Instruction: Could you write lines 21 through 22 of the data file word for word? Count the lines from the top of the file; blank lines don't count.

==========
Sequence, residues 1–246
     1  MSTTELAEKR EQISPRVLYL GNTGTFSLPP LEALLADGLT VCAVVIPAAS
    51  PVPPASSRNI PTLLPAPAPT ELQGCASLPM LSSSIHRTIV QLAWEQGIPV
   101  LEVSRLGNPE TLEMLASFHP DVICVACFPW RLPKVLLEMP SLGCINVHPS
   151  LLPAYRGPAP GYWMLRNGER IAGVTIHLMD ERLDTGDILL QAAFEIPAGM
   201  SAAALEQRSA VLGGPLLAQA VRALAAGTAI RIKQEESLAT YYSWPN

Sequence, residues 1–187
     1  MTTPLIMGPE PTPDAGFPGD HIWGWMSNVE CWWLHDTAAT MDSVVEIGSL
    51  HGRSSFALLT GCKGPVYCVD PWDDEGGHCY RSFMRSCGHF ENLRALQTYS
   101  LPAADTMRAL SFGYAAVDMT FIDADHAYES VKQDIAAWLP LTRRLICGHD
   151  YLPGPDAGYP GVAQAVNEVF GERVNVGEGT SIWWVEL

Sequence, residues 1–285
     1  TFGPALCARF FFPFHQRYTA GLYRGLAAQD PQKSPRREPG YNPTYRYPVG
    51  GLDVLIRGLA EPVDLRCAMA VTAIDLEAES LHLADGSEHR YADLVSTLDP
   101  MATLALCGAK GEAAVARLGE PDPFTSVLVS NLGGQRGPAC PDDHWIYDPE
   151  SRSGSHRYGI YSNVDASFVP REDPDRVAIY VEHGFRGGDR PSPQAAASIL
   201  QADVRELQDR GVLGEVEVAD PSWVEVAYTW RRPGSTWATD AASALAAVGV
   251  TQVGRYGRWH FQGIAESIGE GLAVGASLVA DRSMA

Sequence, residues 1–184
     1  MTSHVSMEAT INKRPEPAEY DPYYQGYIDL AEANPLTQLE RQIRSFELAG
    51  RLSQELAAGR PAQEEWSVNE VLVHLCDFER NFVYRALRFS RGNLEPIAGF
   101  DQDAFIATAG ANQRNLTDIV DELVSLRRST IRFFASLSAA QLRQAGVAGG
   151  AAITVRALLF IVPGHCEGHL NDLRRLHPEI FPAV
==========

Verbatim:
    51  RLSQELAAGR PAQEEWSVNE VLVHLCDFER NFVYRALRFS RGNLEPIAGF
   101  DQDAFIATAG ANQRNLTDIV DELVSLRRST IRFFASLSAA QLRQAGVAGG